Search Images Maps Play YouTube News Gmail Drive More »
Sign in
Books Books
" The end of our foundation is the knowledge of causes, and secret motions of things; and the enlarging of the bounds of human empire, to the effecting of all things possible. "
Bacon: His Writings, and His Philosophy - Page 65
by George Lillie Craik - 1846
Full view - About this book

The Christian Remembrancer, Volume 6

1843 - 754 pages
...both its credenda and its agenda; its researches are both luoifera and fructifera ; its end is both " the knowledge of causes and secret motions of things,...the bounds of human empire to the effecting of all thmgs possible." * The latter of these was a continual subject of high and bright anticipation to Lord...
Full view - About this book

Utopia: or, The happy republic. To which is added, The new Atlantis, by lord ...

Thomas More (st.) - 1845 - 358 pages
...functions whereto our fellows are assigned; and fourthly, the ordinances and rites which we observe. " The end of our foundation is the knowledge of causes and secret motions of things, 28 and the en28 Solomon's House, therefore, was simply a college, instituted far the study of natural...
Full view - About this book

Utopia; Or, the Happy Republic: A Philosophical Romance

Saint Thomas More - 1845 - 356 pages
...functions whereto our fellows are assigned ; and fourthly, the ordinances and rites which we observe. " The end of our foundation is the knowledge of causes and secret motions of things,28 and the en M Solomon's House, therefore, was simply a college, institute for the study of...
Full view - About this book

A History of the Royal Society, with Memoris of the Presidents, Volume 1

Charles Richard Weld - 1848 - 584 pages
...institution as the Royal Society more distinctly set forth. Describing this imaginary establishment, he says, "The end of our foundation is the knowledge of causes,...things possible. The preparations and instruments are — large and deep caves for coagulations, indurations, refrigerations, and conservation of bodies,...
Full view - About this book

A History of the Royal Society, with Memoris of the Presidents, Volume 1

Charles Richard Weld - 1848 - 570 pages
...as the Royal Society more distinctly set forth. Describing this imaginary establishment, he says, " The end of our foundation is the knowledge of causes,...things possible. The preparations and instruments are—large and deep caves for coagulations, indurations, refrigerations, and conservation of bodies,—...
Full view - About this book

Nasology: Or, Hints Towards a Classification of Noses

George Jabet - 1848 - 263 pages
...urges his disciples " to fix their minds on the contemplation of the immutable essences of things." " The end of our foundation is the knowledge of causes, and secret motions of * Filum Labyrinthi. things, and the enlarging of the bounds of human empire to the effecting of all...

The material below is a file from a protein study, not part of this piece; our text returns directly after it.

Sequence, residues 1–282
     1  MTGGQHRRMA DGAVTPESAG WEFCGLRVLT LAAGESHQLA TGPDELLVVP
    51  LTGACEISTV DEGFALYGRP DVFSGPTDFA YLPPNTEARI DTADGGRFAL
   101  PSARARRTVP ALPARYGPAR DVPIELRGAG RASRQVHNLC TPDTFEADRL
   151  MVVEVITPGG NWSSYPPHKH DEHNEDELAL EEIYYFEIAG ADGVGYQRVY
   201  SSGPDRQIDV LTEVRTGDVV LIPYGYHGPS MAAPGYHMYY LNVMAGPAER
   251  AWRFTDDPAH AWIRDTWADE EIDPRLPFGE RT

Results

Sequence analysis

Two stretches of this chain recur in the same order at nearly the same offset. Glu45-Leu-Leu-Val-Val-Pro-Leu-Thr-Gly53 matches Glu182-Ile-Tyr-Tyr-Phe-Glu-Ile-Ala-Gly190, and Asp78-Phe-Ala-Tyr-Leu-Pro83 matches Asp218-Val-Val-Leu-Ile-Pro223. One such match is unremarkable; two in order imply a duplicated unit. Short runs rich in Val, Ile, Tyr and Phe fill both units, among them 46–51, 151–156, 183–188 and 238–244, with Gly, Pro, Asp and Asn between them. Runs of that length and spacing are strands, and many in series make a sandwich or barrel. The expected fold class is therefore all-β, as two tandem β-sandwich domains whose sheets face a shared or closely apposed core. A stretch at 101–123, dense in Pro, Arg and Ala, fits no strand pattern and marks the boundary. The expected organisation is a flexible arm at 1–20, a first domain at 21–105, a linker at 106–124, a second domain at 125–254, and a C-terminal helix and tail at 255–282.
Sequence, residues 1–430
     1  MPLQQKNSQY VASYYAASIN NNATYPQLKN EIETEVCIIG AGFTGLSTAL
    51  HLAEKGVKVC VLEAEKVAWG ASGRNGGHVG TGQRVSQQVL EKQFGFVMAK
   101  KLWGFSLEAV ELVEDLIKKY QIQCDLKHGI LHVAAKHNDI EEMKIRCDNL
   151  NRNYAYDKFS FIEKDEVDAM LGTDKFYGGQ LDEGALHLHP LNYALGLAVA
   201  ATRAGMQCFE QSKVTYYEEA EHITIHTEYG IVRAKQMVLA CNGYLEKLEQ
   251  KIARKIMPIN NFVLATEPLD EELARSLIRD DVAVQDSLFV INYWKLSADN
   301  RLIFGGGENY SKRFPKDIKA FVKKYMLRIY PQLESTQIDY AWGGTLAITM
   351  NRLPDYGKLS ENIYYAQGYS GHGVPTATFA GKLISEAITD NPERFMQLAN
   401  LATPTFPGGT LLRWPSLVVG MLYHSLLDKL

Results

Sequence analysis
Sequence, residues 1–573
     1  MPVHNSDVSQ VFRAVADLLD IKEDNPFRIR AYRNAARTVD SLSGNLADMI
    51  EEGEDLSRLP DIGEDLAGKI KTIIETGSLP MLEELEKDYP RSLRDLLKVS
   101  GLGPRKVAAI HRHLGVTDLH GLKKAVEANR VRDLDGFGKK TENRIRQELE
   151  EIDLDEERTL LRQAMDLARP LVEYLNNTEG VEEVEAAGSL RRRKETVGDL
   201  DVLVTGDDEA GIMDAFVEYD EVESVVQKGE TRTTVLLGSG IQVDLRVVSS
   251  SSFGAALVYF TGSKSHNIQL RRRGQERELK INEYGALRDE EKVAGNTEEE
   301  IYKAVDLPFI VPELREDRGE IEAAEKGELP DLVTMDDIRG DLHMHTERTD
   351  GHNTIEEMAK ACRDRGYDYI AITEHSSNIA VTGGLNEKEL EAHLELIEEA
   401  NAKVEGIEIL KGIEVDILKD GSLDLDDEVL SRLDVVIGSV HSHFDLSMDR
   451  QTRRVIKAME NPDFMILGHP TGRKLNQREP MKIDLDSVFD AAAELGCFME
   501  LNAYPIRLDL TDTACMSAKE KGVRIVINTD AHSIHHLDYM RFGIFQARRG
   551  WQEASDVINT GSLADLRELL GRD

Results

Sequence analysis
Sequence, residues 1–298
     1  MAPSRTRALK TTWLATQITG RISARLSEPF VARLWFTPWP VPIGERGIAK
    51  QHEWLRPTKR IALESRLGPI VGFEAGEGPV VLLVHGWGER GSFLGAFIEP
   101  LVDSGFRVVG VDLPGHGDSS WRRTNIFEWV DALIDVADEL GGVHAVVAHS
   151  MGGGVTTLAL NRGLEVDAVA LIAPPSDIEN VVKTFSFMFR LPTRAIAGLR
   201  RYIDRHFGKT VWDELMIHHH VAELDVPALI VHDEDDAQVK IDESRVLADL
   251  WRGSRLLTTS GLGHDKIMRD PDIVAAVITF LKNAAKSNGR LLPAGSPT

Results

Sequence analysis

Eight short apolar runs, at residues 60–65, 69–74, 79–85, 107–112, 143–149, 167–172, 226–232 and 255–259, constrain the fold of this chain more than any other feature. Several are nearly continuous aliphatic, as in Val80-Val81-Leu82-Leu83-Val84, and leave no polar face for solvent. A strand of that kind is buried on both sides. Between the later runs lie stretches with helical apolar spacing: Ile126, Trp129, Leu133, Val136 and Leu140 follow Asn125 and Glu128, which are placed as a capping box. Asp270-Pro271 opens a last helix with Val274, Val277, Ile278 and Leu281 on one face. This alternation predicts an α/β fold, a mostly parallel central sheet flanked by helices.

Full view - About this book

Thoughts on the conduct of the understanding

Basil Montagu - 1849 - 284 pages
...confirming of it in strength of sinews, vital parts, and the very juice and substance of the body. CAVES. The preparations and instruments are these : we have...deep caves of several depths ; the deepest are sunk 600 fathoms, and some of them are digged and made under great hills and mountains ; so that if you...
Full view - About this book

The Works of Francis Bacon, Lord Chancellor of England, Volume 1

Francis Bacon - 1850
...of knowledge, "such," he says, "is a relation of the true state of Solomon's house, the end of which is not my felicity ; I know I have clean hands, and...friends, or servants. But Job himself, or whosoever possible.1' In these glorious inventions of one rich mind, may be traced much of what has been effected...
Full view - About this book

Works, Volume 1

Francis Bacon - 1850
...whereto our fellows are assigned. And. fourthly, the ordinances and rites which we observe.. \ ( * v" The end of our foundation is the knowledge of causes,...and the enlarging of the bounds of human empire, to thr effecting of all things possible. _) " The preparations and instruments are these. We have large...
Full view - About this book

The Works of Francis Bacon: Lord Chancellor of England, Volume 1

Francis Bacon - 1852
...knowledge, " such," he says, " is a relation of the true state of Solomon's house, the end of which foundation is the knowledge of causes, and secret...empire, to the effecting of all things possible." In these glorious inventions of one rich mind, may be traced much of what has been effected in science...
Full view - About this book




  1. My library
  2. Help
  3. Advanced Book Search
  4. Download EPUB
  5. Download PDF